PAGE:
Business Magazine

Dealing with Mobile Distractions

Posted on the 31 March 2011 by Classycareergirl @classycareer
After blogging about the four hour work week, I have been trying to increase my efficiency at work.  One of the things that gets in my way of being efficient are the many urgent distractions and firedrills I have to put out throughout the day.  Christina Inge is a Boston-based marketing consultant, speaker, and workshop leader, specializing in online marketing channels including search engine marketing, email, social media, and analytics.  She blogs on all things digital marketing at Measurable Marketing Strategy and she is here to help us battle all of those urgent social media distractions!  Thanks Christina! Dealing with Mobile DistractionsWith mobile and social communications an increasing part of our lives, including our workdays, staying focused on the right tasks is a growing challenge. Non-work distractions are pretty easy to tune out, but it’s those updates and emails that bring yet another urgent task to your attention that really need to be managed. After all, you’re working on five urgent tasks right now, and to get more done, more efficiently, you need to do less putting out fires.
Social media and mobile devices have succeeded in making so many mundane tasks seem like fires that need to be put out now. That 7am tweet asking you to be at the 3pm meeting? The Facebook message with an RFP? (And if you’re not getting RFPs via Facebook, you soon will be). All of these things gain an importance way out of proportion to their true urgency when they come in via new channels. It’s one of the basics of how the human brain works: novelty gets our attention more than something we’re habituated to, so social and mobile communication, being more novel than email, just grabs our attention away from information coming in on more traditional channels. The result is a nation of people trying to stay focused on big tasks while little tasks keep climbing in the digital window.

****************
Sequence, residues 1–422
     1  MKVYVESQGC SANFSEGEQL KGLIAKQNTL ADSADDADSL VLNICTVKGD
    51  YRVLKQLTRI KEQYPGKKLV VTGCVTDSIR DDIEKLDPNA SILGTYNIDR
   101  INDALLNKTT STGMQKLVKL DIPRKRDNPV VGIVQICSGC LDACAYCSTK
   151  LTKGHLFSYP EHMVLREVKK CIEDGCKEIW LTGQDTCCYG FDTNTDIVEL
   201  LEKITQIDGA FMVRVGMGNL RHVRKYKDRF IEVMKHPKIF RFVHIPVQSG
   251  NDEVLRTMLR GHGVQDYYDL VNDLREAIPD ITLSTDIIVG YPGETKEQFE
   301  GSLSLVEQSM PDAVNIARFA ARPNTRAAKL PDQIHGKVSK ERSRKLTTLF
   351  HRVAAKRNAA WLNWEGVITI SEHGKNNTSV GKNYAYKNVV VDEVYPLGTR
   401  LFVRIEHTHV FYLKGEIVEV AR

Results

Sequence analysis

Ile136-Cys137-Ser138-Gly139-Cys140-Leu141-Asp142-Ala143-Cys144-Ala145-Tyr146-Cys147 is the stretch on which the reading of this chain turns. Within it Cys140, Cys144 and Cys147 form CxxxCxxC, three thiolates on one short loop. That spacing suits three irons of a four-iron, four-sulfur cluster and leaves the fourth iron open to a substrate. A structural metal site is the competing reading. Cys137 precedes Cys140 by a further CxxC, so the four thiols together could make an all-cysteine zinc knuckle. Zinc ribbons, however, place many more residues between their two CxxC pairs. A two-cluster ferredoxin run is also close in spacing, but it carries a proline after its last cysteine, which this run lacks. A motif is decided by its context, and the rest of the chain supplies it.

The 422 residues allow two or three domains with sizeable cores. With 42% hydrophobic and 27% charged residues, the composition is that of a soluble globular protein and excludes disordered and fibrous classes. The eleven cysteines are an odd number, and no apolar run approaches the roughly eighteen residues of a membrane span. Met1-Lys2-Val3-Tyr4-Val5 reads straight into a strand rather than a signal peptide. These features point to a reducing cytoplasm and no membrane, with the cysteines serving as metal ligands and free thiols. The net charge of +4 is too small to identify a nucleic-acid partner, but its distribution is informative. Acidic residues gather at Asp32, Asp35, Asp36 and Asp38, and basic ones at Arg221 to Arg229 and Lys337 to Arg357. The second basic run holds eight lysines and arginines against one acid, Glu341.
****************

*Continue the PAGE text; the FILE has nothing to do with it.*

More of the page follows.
Set aside a specific time in the day to check your Twitter and Facebook. Make sure you go on when others in your group are most active so you don’t miss essential updates. But, don’t keep these networks open on your computer all day, even if you have business connections who communicate with you on these channels. Once a project that originated on Twitter is underway, give everyone your business cell and email, and move the conversation over there. Use good tools like Seesmic to manage all your accounts from an efficient dashboard. If you monitor your brand’s social media presence, consider asking for several people to take monitoring in shifts, rather than trying to do it 24-7.
The single most important thing you can do to minimize mobile distractions is to change your phone’s notification settings. Go into each app and make sure you don’t get intrusively notified every time you get a tweet, an email,or a post to your wall. Dial down the level of urgency on notifications you must receive—for instance, you need to get a notification every time you get an office email, but maybe your phone doesn’t have to light up, vibrate, and buzz. Those urgent noises make you feel obliged to answer every message, so keep the alerts low-key. For less urgent messages, like tweets, eliminate notifications completely.
Turn off all notices when you’re concentrating on a major project, like your slides for your next presentation.  Close your email, and get to work.

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